While Wakefield Park turned on some early sun, the cloud closed in and made for pleasant, but not hot conditions on the day with the top temperature around 18 degrees for round three of the 2022 mi-bike Motorcycle Insurance Australian Superbike Championship, presented by Motul.
From practice session one, it was Wayne Maxwell who was the man to beat and he built momentum and pace all day to end the day atop the standings…
Seeing Troy Herfoss (Penrite Honda Racing) atop the charts- albeit briefly- at his nominally his home event, was a pleasing moment for all assembled as the opening practice session got underway.
While Herfoss was able to stay in the top five, it was Wayne Maxwell (Boost Mobile with K-tech) aboard his Ducati who topped the first session followed by Cru Halliday (Yamaha Racing Team) and Mike Jones (Yamaha Racing Team).
Just three-tenths of a second covered the top three, with the leading pair of Maxwell and Halliday a small, but notable margin ahead of the field.
Glenn Allerton (Maxima Racing Oils) and the aforementioned Troy Herfoss rounded out the top five.
Practice two was a copy of session one with the same top three in Maxwell, Halliday and Jones atop the standings. Local boy Herfoss showed he’s race fit and race-ready by moving up to fourth with DesmoSport Ducati rider Bryan Staring fifth.
Interestingly, where session one was closely fought, in the second practice session, Wayne Maxwell found some more pace in his Ducati and stretched his lead considerably out to an ominously large .439 to sound a Phillip island-like warning to the field: “catch me if you can…”
Session three saw a third repeat of the top three in terms of makeup and order: Maxwell, Halliday and Jones. Maxwell was again able to hold a sizeable advantage of over 3/10ths of a second to hold the pack at bay.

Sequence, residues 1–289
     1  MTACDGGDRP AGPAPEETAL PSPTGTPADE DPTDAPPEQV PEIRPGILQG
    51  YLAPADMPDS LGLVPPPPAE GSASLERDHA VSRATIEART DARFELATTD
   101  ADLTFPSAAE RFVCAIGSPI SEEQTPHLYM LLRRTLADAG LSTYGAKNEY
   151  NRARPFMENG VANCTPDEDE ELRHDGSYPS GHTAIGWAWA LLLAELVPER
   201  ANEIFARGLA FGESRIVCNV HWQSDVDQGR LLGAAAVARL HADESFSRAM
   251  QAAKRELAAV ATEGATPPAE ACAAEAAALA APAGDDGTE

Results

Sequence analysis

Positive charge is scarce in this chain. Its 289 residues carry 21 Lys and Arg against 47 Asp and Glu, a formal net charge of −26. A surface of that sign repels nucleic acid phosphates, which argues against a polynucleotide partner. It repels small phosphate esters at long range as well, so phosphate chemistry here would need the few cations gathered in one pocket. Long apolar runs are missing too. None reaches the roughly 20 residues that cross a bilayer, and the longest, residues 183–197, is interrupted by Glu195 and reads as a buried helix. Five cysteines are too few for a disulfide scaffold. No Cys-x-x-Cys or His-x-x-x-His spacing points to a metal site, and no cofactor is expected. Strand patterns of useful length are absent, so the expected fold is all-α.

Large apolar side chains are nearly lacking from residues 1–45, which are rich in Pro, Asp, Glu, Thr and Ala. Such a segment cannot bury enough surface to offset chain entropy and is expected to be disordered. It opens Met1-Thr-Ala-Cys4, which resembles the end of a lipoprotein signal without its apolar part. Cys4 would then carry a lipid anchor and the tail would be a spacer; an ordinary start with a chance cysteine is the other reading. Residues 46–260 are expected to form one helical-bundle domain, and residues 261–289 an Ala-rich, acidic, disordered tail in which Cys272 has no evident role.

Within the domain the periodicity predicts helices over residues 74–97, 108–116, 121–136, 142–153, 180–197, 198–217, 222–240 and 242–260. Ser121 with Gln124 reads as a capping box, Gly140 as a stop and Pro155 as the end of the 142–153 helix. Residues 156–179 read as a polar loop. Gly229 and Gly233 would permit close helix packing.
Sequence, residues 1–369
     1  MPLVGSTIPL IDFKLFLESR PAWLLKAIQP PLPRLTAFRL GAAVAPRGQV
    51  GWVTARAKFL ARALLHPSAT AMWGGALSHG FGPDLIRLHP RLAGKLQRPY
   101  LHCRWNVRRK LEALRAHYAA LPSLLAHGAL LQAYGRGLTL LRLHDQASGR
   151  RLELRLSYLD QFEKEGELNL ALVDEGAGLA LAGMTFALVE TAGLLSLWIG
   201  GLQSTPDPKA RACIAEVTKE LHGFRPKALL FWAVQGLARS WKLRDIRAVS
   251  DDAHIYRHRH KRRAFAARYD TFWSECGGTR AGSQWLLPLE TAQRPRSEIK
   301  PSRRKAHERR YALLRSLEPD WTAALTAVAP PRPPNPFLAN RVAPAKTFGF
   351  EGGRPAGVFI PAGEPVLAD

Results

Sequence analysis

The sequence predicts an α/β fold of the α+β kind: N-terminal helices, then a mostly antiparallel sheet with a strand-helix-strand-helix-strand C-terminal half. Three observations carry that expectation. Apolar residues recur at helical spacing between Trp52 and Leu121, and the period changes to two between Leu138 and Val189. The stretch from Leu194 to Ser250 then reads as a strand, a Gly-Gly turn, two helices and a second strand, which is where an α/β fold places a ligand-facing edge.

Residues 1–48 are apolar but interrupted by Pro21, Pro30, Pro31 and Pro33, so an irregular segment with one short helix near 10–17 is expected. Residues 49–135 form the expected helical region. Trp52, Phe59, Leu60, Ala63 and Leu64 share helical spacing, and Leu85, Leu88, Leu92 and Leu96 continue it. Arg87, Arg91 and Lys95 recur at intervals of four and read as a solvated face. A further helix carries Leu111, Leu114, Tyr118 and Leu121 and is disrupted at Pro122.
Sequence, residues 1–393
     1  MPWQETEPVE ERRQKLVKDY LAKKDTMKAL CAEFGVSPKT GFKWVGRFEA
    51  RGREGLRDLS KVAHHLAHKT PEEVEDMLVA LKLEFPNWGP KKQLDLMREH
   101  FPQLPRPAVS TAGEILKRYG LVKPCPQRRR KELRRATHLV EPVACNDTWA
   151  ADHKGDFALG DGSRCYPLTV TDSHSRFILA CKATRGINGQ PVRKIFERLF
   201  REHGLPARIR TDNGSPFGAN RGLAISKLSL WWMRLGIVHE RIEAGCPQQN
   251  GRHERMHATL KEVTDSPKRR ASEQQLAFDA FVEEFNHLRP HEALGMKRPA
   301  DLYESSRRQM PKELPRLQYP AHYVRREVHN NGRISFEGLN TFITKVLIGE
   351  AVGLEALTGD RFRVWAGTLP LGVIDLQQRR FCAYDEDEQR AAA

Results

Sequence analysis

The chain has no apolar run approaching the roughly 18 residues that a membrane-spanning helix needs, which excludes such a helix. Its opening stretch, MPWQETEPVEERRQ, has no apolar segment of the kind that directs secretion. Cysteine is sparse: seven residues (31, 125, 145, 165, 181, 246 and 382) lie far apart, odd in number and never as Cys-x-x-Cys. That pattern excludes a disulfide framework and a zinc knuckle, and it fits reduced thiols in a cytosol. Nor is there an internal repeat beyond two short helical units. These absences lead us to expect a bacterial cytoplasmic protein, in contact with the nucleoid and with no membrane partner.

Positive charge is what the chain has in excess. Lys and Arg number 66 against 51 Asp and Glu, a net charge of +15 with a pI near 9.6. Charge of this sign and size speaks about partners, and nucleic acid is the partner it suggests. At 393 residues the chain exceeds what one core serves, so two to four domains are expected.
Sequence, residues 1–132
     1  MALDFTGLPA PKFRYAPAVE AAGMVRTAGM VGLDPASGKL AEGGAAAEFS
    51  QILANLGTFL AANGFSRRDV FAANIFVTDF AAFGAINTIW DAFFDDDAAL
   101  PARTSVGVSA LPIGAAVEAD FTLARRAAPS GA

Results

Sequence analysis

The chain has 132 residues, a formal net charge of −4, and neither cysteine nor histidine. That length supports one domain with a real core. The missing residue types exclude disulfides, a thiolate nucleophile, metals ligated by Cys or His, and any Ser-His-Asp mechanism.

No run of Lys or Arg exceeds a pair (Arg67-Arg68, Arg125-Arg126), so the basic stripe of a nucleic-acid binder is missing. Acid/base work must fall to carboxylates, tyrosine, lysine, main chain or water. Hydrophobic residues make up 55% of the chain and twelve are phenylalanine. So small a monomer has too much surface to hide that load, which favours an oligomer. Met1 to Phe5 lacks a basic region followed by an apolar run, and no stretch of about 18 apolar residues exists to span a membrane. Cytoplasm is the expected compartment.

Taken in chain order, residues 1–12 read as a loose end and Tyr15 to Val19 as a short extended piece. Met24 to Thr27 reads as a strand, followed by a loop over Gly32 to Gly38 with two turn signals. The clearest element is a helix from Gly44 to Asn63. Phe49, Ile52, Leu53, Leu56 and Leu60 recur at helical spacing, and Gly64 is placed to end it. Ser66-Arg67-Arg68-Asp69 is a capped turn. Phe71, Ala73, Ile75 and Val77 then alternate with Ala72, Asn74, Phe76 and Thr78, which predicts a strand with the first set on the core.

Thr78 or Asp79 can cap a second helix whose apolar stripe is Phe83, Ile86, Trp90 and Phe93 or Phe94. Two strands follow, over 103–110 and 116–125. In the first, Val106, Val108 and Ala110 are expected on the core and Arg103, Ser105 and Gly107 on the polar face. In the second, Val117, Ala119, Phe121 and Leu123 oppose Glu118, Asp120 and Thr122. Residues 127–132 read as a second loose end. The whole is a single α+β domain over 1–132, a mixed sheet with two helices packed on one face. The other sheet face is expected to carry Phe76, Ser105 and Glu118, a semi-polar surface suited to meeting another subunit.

Wayne Maxwell, first overall: “I think my one lap speed was quite good, but I think we need to work on our overall pace and improve that a little bit. Hopefully, the weather is a tiny bit better tomorrow and we can come out and have a go at the pole record…”
Cru Halliday, second overall: “It was a strange session that last one- it got colder and I thought times would not improve but they did. I felt better as the sessions went on. The bike felt good, the team are working really well, and I know there’s more time in the bike.”
Mike Jones, third overall: “We were here for a couple of days that were rained out. But in saying that my feeling on the bike is pretty good and we were able to get down to business and make progress in every session.”
This weekend Supersport is wide open event insofar as favourites go with former series leader Senna Agius long gone from Australia and former top three racer Tom Edwards in Europe on World Supersport duties. While Olly Simpson holds the championship lead, he would have a mixed day.
It was Queenslander John Lytras aboard a Yamaha who would draw first blood, fastest in the early session from Scott Nicholson (Yamaha) and Sean Condon (Yamaha) – who is stepping in for the World Supersport bound Tom Edwards- in third position.
It was a slower start for current Championship leader Olly Simpson who was down in eighth position and former championship leader Tom Bramich in sixth.
In session two, Sean Condon showed that he was coming to terms with the BikeBiz Yamaha by topping the table by .2 ahead of much-improved Tom Bramich with practice one fast man Lytras in third.
Championship leader Olly Simpson went down near the end of the session, but was up and about and participated in the third practice session of the day